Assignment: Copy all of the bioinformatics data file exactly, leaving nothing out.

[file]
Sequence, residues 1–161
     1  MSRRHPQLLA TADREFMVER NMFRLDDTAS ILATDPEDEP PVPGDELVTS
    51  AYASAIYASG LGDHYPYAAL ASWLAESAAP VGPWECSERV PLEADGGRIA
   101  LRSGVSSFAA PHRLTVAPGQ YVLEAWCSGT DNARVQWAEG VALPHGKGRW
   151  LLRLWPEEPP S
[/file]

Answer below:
Sequence, residues 1–161
     1  MSRRHPQLLA TADREFMVER NMFRLDDTAS ILATDPEDEP PVPGDELVTS
    51  AYASAIYASG LGDHYPYAAL ASWLAESAAP VGPWECSERV PLEADGGRIA
   101  LRSGVSSFAA PHRLTVAPGQ YVLEAWCSGT DNARVQWAEG VALPHGKGRW
   151  LLRLWPEEPP S